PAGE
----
By JOHN KIENER
Megan Cullen Tewell is the new program coordinator of the Heritage Alliance of Northeast Tennessee and Southwest Virginia. A former volunteer at the Alliance, she said, “When the position became available, I immediately knew that I wanted to join The Heritage Alliance,” said Tewell, a former volunteer with the Alliance. “I admire the organization, the people who run it, and the work that they do.”
Her duties include assisting in the development and implementation of new programs, exhibit development and collections management. Tewell has a college degree plus a master’s degree in public history from North Carolina State University in Raleigh. She presently is working on a PhD from NC State and is writing a dissertation about Historic Prison Museums.
Megan and her husband, Ryan, have lived in Johnson City for two and a half years. He is a professor in the College of Pharmacy at East Tennessee State University. Moving to Washington County, Tewell said, “I volunteered at the Alliance because I was eager to learn more about the history of the area, and to help preserve and share it.” Her time was limited because she continued teaching at NC State.
“I hope to implement fresh ideas and create exciting new opportunities for visitors to benefit from our programs and collections,” Tewell said.
She added that “Anne G-Fellers-Mason (Alliance executive director) has started a ‘hands-on’ object lab that brings history to students who may not be able to visit our historic sites and museums. We have already launched a pilot version of the program in classrooms in Southwest Virginia that has impacted 120 students, young people who otherwise would not be able to benefit from our collections and programs.”
This outreach is one of two current programs in which Tewell plans to get involved. The other is a historic preservation effort for a building in Johnson City. Currently, she said, the organization’s service area is Jonesborough-centered because of where the Alliance offices, archives and museums are located.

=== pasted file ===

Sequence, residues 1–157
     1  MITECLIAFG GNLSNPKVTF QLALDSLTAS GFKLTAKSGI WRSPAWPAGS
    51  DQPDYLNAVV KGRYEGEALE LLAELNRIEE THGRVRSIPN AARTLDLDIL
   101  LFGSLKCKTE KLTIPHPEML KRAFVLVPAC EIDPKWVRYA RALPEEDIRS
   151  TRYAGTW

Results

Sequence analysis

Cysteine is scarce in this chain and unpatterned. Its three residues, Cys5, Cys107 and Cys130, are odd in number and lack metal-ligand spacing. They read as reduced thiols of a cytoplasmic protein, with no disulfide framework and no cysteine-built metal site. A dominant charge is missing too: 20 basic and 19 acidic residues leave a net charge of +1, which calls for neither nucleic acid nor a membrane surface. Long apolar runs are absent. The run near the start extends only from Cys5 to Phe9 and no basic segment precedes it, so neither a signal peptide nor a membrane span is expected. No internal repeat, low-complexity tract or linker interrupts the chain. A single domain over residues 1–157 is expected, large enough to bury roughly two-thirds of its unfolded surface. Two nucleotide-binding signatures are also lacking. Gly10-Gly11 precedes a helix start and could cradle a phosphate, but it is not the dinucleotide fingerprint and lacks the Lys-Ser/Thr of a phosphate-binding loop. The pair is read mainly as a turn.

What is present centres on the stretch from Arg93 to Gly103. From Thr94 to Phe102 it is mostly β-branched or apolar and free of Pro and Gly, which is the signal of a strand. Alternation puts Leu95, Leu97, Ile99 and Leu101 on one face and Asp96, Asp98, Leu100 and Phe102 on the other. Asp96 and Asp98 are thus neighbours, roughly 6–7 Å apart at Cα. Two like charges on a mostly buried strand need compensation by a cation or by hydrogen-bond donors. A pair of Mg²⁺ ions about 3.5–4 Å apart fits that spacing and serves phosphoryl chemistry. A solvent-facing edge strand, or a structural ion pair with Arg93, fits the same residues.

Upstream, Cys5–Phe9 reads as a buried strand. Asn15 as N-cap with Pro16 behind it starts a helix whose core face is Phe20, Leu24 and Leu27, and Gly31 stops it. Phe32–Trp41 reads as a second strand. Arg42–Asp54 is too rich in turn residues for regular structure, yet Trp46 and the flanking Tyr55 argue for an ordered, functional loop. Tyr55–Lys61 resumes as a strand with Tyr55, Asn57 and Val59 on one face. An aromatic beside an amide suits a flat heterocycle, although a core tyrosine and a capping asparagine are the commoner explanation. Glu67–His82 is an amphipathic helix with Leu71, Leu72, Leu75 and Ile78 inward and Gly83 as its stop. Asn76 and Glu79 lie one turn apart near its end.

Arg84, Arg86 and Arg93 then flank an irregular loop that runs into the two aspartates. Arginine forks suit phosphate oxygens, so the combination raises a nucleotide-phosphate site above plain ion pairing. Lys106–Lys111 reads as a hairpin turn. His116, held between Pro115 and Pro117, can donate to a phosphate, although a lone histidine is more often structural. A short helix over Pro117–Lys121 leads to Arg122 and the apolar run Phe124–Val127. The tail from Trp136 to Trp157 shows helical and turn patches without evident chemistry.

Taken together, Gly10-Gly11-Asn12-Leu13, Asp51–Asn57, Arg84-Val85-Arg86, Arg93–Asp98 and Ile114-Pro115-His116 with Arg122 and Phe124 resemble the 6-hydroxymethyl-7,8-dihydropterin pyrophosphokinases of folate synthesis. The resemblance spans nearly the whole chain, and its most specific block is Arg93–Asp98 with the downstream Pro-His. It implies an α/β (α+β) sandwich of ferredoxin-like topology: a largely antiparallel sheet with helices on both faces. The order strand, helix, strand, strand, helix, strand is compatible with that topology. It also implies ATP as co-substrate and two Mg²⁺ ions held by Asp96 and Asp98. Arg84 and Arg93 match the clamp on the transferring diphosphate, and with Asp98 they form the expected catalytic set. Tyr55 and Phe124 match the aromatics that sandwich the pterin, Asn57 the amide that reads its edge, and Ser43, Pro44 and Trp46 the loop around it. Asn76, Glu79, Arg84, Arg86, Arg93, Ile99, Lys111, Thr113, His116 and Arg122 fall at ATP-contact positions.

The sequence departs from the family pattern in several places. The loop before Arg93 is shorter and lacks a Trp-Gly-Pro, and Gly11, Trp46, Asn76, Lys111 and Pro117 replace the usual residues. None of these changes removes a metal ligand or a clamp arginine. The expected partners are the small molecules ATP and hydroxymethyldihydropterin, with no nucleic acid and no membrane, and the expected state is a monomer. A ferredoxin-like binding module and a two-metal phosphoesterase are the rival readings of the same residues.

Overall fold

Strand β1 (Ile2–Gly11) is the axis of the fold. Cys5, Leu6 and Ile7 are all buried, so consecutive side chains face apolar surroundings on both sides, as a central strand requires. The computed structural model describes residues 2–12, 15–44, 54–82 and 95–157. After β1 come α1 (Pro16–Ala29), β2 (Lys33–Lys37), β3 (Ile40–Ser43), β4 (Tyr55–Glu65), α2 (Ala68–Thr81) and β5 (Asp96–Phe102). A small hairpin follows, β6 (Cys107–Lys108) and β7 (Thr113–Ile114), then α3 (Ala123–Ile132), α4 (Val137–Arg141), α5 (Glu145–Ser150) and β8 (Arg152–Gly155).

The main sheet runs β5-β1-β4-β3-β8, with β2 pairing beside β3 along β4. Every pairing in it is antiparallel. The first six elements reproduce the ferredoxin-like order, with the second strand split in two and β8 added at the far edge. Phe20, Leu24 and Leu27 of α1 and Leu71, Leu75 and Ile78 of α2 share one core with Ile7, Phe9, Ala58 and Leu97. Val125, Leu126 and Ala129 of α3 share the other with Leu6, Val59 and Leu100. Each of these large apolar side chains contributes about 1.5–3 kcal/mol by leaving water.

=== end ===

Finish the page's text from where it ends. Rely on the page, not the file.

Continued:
“We plan to reach out more to other communities in the future,” she said. “I am excited to see what is next as we enter 2020 and continue our work impacting a new generation of students, visitors, and local residents.”
Tewell said the mission of the Alliance remains on history and appreciates the reliance “our stakeholders have to this mission. We are not a political organization, but we do believe our contributions to the community are valuable.”
Explaining that heritage tourism is the practice of using a community’s location to leverage their history to generate economics, Tewell said, “Jonesborough is a good example of how heritage tourism can successfully impact a community. I think other towns and cities in our region could benefit from a similar model.”
“Our focus is mainly on the residents of the area,” she added. This focus explains part of the reason that the Heritage Alliance continues to provide changing exhibits in its museums and hosts an extensive lecture and program series attracting attendance by community members.
Tewell says she is an avid reader, and she’s helped write grants and craft exhibits. As an example of her writing, she mentioned that her undergraduate thesis was on “Train Robbery Gangs.”
“We are so excited to have Megan as a part of the Heritage Alliance team,” Executive Director Anne Mason exclaims. “We’re excited to see what programs she implements, what exhibits she crafts, and what adventures she takes us on.”